Anti-Semitism on training wheels
“In Germany, they came first for the Communists, And I didn’t speak up because I wasn’t a Communist; And then they came for the trade unionists, And I didn’t speak up because I wasn’t a trade unionist; And then they came for the Jews, And I didn’t speak up because I wasn’t a Jew; And then…they came for me … And by that time there was no one left to speak up.”
Pastor Martin Niemöller
Members of Congress plan to host a National Day of Prayer event in May featuring evangelist Franklin Graham. The invitation to Graham, who has described Islam as “a very evil and wicked religion,” came in the wake of an invitation extended to Graham for a similar event at the Pentagon the same week. Before being subsequently withdrawn, the invitation sparked widespread criticism from both within and outside the Pentagon. Mikey Weinstein, president of the Military Religious Freedom Foundation, said inviting Graham to speak “would be like bringing someone in on national prayer day madly denigrating Christianity.”
Graham’s statements are nothing new. Following a report on a recent terrorist incident on the Christian Broadcasting Network’s “The 700 Club,” host Pat Robertson called Islam “not a religion, but a political system,” and called for Americans to treat its followers “as we would members of the Communist party, or members of some fascist group.” And after a report on Muslims in Minneapolis seeking religious accommodations at school and work, Robertson warned, “Ladies and gentlemen, we have to recognize that Islam is not a religion. It is a worldwide political movement meant on domination of the world.” In yet another telecast, Robertson railed: “These people are crazed fanatics, and I want to say it now: I believe it’s motivated by demonic power. It is satanic and it’s time we recognize what we’re dealing with.”
Robertson and Graham are not alone in condemnations. Scores of politicians, columnists, various bloggers, radio and TV hosts, particularly since the 9/11 tragedy, have emphatically claimed that Islam as a faith calls on its followers to dominate the world through violence and terror. Are there some extremists who promote violence in the name of faith? No doubt, but zealots of all faiths have done so for time immemorial, and blanket condemnations of an entire faith community do nothing to help fight the murderous enemy we currently face and must defeat.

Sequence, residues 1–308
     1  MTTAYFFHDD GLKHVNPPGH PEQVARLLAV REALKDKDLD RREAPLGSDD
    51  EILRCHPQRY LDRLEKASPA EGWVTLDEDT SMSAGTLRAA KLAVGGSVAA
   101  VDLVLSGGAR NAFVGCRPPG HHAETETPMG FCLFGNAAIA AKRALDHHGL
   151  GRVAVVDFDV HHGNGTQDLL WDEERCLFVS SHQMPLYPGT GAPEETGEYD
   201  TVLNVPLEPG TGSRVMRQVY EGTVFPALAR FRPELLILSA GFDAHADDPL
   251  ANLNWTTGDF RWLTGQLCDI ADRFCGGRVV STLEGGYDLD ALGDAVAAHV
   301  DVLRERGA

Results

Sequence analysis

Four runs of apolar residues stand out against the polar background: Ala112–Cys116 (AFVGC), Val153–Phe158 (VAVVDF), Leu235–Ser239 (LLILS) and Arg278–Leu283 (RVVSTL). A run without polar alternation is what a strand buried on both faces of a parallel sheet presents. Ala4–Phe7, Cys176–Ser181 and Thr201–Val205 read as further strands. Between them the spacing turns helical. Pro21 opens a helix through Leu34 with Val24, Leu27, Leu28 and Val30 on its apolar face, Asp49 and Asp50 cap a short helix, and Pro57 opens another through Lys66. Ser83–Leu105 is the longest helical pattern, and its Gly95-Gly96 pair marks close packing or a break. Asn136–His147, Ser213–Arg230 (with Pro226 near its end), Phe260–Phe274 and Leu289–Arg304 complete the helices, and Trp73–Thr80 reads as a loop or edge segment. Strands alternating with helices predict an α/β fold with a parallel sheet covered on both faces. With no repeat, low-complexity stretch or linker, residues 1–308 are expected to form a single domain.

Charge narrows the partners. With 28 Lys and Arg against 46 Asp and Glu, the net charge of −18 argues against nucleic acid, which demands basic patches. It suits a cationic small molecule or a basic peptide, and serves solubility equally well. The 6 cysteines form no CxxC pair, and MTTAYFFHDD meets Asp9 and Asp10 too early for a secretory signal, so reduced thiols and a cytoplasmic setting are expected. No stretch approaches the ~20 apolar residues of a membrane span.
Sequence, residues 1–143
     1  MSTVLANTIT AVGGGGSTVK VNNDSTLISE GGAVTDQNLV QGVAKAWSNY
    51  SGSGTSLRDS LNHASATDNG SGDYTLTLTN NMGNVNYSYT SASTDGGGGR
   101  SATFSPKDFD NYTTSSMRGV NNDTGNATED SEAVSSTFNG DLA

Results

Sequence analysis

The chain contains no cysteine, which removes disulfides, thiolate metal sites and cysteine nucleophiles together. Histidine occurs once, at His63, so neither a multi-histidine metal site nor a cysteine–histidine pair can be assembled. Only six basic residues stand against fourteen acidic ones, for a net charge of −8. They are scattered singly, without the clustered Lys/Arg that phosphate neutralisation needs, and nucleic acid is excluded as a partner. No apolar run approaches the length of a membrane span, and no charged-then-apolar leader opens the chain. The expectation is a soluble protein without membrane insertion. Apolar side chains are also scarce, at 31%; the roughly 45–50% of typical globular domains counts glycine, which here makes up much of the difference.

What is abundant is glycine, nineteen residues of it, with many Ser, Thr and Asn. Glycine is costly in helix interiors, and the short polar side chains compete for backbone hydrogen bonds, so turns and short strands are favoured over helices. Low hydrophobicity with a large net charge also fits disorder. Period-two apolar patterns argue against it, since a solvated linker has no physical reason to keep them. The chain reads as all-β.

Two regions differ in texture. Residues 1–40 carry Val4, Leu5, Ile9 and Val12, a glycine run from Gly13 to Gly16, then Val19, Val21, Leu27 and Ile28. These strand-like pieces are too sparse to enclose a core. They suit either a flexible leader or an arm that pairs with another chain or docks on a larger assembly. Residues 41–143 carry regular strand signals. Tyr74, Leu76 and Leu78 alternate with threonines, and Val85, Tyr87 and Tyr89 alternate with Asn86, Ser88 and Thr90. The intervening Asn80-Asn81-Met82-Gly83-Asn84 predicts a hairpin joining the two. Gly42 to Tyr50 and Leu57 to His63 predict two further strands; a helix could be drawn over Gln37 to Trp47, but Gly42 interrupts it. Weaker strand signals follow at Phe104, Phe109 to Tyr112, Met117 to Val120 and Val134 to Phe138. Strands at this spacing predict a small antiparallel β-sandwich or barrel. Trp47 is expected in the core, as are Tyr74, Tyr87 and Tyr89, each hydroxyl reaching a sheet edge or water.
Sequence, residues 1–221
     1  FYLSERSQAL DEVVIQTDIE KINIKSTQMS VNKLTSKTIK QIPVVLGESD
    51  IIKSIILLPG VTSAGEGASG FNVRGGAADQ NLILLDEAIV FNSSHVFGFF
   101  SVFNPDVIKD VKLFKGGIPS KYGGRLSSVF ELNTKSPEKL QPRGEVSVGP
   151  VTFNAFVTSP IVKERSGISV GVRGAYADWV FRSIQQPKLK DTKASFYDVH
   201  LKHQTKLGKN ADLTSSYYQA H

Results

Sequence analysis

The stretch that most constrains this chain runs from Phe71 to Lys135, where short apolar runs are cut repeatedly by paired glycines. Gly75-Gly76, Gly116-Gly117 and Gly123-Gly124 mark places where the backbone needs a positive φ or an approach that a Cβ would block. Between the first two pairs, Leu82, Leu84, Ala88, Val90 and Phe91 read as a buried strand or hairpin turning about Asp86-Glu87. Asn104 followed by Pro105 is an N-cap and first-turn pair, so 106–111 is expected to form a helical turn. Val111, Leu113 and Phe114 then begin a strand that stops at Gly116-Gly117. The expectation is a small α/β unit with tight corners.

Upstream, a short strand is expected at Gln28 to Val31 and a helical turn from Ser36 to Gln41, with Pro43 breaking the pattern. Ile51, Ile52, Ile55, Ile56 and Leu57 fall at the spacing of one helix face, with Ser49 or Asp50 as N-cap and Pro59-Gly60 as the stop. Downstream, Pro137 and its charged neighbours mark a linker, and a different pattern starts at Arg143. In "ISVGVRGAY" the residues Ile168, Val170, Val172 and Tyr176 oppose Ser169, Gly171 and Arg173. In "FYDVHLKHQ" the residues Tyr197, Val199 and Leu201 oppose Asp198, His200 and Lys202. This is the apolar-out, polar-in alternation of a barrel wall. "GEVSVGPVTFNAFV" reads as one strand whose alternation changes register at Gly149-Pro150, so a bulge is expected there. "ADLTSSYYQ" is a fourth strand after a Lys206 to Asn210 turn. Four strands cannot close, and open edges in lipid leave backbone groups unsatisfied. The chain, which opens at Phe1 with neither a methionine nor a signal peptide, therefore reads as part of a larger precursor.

Recently, Dutch Member of Parliament Geert Wilders toured the U.S. promoting his anti-Muslim film “Fitna” where specific passages of the Quran, the Muslim scripture, are juxtaposed with video images of acts of terror and violence. In an interview on a national cable news channel, Wilders described Muslim immigration to Europe as a “threat…to our Western societies based on Christianity and Judaism” and called for the banning of the Quran as “a fascist book.” And in his zeal to condemn Islam and Muslims, Wilders inadvertently attacked others. When asked whether the Old Testament should likewise be banned due to its violent passages, Wilders responded that the “Old Testament was followed by a more moderate New Testament” inadvertently taking a swipe at the validity of the Old Testament, scripture held particularly sacred to Jews, not to mention Muslims and Christians.